“It took one take for Pele to score that overhead kick,” remembers John Wark about the most iconic strike in Escape to Victory. “For most of us, it would have taken 10 attempts – even that might not have been enough. He got it right first time and smashed it in. I suppose that’s why he’s Pele.”
The Brazilian maestro’s acting was less impeccable (witness him woodenly explaining why Stallone is a terrible footballer), but his soccer skills – he’d only retired from the New York Cosmos three years earlier – were still in place as he hoodwinked German defenders. His character, Luis Fernandez, famously made the game 4-4, and he also helped choreograph most of the action scenes.
2. John Wark
“I get asked about Escape to Victory more than I do about football,” former Liverpool, Ipswich and Scotland midfielder Wark once told FFT. “People aren’t really interested in anything else. But it was the best summer I ever had. Not everyone gets to play with Pele.” Wark portrayed Arthur Hayes, and added a Jack Nicholson-esque sneer with his trademark muzzy.
3. Ossie Ardiles
Ossie already had a firm place in English hearts – he was three years into his stellar spell at Spurs when Escape to Victory was filmed – and his role as Carlos Rey added further affection. Rey bagged the second goal in the fateful final match against the Nazis, and the Argentine pulled off some frankly ridiculous skills during filming. “Pele and Bobby Moore had been retired four or five years by then, so I was much better than them,” he claims. “In fact, I carried them…”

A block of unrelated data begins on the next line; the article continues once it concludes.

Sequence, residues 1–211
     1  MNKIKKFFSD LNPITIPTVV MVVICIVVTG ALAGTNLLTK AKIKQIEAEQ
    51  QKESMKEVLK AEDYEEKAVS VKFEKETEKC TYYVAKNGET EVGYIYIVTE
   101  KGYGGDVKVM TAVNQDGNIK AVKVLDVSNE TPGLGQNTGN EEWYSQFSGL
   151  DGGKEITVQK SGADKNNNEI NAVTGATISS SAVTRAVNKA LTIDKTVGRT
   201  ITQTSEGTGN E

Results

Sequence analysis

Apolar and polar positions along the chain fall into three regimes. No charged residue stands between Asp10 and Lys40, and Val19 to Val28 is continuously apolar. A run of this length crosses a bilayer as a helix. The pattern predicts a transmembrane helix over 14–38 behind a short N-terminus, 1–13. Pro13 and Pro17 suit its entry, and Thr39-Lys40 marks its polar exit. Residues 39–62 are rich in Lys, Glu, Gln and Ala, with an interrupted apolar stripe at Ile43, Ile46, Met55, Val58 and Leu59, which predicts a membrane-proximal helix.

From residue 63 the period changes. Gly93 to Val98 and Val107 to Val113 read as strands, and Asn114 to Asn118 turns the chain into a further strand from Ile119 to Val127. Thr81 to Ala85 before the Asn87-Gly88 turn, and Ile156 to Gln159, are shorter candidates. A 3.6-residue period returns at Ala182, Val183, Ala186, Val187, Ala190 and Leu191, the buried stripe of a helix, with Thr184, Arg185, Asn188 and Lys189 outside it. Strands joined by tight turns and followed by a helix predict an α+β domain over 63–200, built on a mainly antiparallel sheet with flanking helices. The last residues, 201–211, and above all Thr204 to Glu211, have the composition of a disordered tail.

4. Bobby Moore
Moore had hung up his boots and replaced an impeccable playing career with a moribund management one by 1981 – he was gaffer of Hong Kong side Eastern Sports Club at the time of filming. And the Three Lions ledge, who played Terry Brady, has to step aside and let Michael Caine skipper the side, too. The World Cup-winning captain did get to open the scoring for the Allies, mind.
5. Russell Osman
Ipswich players made up a large contingent of the Escape to Victory extras, apparently due to someone in the film industry knowing Bobby Robson. Centre-back Osman played Doug Clure, and had trouble maintaining a straight face during tense scenes. “You’d look at somebody and end up laughing your head off,” he confessed.
6. Paul Cooper
Another Ipswich stalwart, Cooper minded the Portman Road net between 1974 and 1987. He was renowned for his penalty-saving prowess and helped coach Sly Stallone make his shoddy custodianship look realistic, as well as standing in for some action shots.
7. Kevin O’Callaghan
“Try and make it a clean break, will ya?” Billed as ‘Unlucky Tony Lewis’, Ipswich and Ireland left-winger O’Callaghan had one of the most famous scenes in Escape to Victory: his arm was deliberately broken by Caine so that Stallone could take his place in nets.
8. Laurie Sivell
As a goalkeeper in real life, Ipswich’s Sivell was originally cast to play O’Callaghan’s role, but the dialect coach on set decided that his gravelly voice didn’t work on screen and he was put between the sticks for the Germans instead.
9. Kevin Beattie